China warns US to keep out of S. China Sea dispute

China urged the United States on Wednesday to restrain other countries from provoking Beijing in disputes over contested territories in the South China Sea, warning that Washington risks becoming embroiled in an unwanted conflict.

Chinese Vice Foreign Minister Cui Tiankai said it would be best if the United States stayed out of the long-standing disputes, but acknowledged that Washington has an interest in freedom of navigation in sea lanes that are vital to trade.

"If the United States does want to play a role, it may counsel restraint to those countries that have frequently been taking provocative action and ask them to be more responsible in their behavior," Cui said at a briefing. "I believe that individual countries are actually playing with fire, and I hope that fire will not be drawn to the United States."

Decades of recurring tensions over rival claims to islands, shoals and reefs in the South China Sea have flared in recent weeks. Vietnam and the Philippines have cited Chinese incursions and provocations in the areas they claim and Beijing has responded by accusing the others of provocative acts.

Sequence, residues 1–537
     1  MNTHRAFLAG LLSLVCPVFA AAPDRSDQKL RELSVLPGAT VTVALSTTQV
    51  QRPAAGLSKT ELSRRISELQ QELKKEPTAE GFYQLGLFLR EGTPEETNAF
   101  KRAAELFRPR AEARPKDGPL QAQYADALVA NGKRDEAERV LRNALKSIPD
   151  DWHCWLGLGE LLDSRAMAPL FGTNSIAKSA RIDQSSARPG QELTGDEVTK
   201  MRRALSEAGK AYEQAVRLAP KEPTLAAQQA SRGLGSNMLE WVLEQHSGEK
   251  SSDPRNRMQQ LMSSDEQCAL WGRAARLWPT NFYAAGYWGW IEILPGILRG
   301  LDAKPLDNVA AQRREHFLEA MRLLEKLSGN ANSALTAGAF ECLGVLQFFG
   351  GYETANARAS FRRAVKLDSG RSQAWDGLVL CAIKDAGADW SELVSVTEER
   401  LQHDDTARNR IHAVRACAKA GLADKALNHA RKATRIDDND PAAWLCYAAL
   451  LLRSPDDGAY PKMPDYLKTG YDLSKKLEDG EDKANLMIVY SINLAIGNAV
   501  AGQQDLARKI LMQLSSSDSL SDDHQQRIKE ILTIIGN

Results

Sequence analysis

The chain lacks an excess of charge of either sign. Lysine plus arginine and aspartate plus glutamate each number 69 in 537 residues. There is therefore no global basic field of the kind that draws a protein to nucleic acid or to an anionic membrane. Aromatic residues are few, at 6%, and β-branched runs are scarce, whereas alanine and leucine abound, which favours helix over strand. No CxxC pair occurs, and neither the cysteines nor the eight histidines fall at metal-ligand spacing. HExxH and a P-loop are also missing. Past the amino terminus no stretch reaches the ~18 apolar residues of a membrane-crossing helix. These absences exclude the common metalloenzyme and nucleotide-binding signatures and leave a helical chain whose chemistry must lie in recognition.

Cui accused unspecified "other countries" of occupying territory, drilling for oil and gas and endangering fishermen in the South China Sea. But he later suggested he was referring to one country in particular and then said China wanted to avoid conflict with Vietnam.

"China has no intention to get into military conflict with any country, Vietnam included," he said.

With centuries of enmity with China, Vietnam has encouraged the United States to take a more active role in the dispute. Washington has carefully tried not to pick sides in the territorial claims, which also involve Taiwan, Brunei and Malaysia. But over the past year, shared concerns about a more assertive, powerful Beijing have lent new momentum to Washington's ties with Vietnam.

Cui tread a careful line in his remarks, laying down markers Beijing does not want Washington to cross but recognizing U.S. interests in the region. He spoke ahead of consultations with U.S. Assistant Secretary of State Kurt Campbell on Saturday in Hawaii on issues in the Asia-Pacific region.